Helen Frowe. Enforcing Order. Didier Fassin. A Field Guide for Female Interrogators. Coco Fusco. Jerome H. The Faces of Terrorism. Neil J. Torture, Terror, and Trade-Offs. Jeremy Waldron. Lisa Hajjar. Anthropologists in Arms. George R. Lucas Jr. Charles Fried. Ethics and War. Steven P.
Project MUSE - The Ethics of Interrogation
The Counterrevolution. Bernard E. Mainstreaming Torture. Rebecca Gordon. Terrorism, Ticking Time-Bombs, and Torture. Fritz Allhoff. David Correia. Bradley Jay Strawser. Time in the Shadows. Laleh Khalili. Criminal Justice Ethics. Cyndi L. Terrorism, Security and Nationality. Paul Gilbert. Ethics and the Future of Spying.
Detainee Interrogations, Physicians, & Psychologists
The New American Exceptionalism. Donald E. Criminologists on Terrorism and Homeland Security. Brian Forst. Universal Human Rights. David A.
Targeted Killings. Claire Finkelstein. Ethics of Spying. Jan Goldman. War after September Verna V. Tortured reality.
Laura M. War and Moral Dissonance. Peter A. Confronting Evils. Claudia Card. Partly Cloudy. David L. Progressive Management. The Phenomenon of Torture. William F. Homeland Security, its Law and its State. Christos Boukalas. The Innocent Man. John Grisham. What's Wrong With Terrorism? Robert E. Killing Pablo. Mark Bowden. Laws, Outlaws, and Terrorists. Gabriella Blum. Conrad Powell. The Death of Common Sense.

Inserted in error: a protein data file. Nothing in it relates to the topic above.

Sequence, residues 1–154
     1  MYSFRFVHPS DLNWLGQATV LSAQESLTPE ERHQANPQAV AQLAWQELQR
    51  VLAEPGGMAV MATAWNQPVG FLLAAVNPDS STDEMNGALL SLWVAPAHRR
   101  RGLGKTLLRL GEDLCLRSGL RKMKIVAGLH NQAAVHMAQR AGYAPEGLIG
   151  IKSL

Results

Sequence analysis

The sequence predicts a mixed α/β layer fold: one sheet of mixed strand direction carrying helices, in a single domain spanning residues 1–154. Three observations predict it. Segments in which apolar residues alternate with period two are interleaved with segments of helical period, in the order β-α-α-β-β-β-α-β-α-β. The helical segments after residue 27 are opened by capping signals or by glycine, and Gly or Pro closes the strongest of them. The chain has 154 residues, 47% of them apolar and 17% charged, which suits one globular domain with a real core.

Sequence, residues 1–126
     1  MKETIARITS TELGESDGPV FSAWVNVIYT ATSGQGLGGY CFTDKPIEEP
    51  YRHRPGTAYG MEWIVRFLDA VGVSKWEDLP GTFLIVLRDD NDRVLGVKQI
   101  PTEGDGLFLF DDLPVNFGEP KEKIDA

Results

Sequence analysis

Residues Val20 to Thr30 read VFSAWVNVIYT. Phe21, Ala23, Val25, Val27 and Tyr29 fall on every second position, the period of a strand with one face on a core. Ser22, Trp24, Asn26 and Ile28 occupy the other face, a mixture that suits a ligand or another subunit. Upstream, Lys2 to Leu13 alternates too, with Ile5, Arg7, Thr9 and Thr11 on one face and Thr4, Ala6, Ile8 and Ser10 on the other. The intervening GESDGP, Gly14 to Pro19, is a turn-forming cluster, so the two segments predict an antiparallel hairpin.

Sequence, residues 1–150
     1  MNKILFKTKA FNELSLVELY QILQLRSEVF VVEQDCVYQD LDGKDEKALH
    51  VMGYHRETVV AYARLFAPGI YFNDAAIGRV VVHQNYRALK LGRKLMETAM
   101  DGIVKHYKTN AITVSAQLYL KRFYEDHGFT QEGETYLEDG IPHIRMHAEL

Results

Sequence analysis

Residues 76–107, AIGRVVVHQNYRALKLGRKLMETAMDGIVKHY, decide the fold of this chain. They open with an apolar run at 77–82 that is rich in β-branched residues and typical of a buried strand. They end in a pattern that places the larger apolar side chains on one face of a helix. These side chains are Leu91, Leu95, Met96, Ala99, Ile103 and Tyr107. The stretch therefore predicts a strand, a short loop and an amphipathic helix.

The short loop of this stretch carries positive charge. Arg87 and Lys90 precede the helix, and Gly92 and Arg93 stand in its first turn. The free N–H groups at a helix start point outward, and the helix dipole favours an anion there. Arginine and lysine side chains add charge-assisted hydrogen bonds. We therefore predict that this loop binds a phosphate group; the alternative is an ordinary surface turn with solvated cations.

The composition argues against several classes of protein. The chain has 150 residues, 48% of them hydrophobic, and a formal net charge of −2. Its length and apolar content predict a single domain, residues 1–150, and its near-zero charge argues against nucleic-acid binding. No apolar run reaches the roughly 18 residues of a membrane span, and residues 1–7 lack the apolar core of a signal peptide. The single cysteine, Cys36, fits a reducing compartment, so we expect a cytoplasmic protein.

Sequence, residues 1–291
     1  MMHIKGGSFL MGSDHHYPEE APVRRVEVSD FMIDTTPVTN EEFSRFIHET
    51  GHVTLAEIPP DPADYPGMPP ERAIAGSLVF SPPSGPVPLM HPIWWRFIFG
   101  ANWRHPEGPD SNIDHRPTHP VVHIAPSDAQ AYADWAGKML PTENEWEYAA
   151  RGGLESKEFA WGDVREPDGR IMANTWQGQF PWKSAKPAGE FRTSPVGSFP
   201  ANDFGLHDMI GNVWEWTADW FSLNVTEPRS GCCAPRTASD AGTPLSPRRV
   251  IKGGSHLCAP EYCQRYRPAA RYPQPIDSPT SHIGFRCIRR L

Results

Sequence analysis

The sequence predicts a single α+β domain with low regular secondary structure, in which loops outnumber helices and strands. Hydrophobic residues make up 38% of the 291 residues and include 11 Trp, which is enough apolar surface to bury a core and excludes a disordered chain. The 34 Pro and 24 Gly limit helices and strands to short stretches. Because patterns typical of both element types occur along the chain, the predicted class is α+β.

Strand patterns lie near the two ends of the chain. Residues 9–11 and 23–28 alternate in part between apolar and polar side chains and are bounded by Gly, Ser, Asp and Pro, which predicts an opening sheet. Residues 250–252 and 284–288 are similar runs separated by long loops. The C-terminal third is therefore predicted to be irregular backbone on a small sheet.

Philip K. Terrorism Unjustified. Vicente Medina. Should Trees Have Standing? Christopher D. Military Ethics and Peace Psychology. Jean Maria Arrigo. The Law of Superheroes. James Daily. Confronting Torture. Scott A. Reversal of Fortune. Alan Dershowitz. International Law, New Diplomacy and Counterterrorism.
Steven J. Fighting Hurt.
- Holdings : An ethics of interrogation / | York University Libraries.
- Ethics in the Interrogation of Terrorist Suspects – PACEM?
- Ethics of Interrogation by Michael Skerker.
Such a plan should be given up to a year to complete although the actual time may be considerably shorter depending on how events unfold. This should be his only contact with other people, and we believe he will anxiously look forward to these meetings. It was recommended that al-Qahtani be periodically subjected to additional stresses so that his interrogator could become his savior:. These and other stressors will be carefully and subtly introduced not by the interrogator, but by guards. We believe that 63 will likely look to his only human contact, his interviewer, in an attempt to gain help.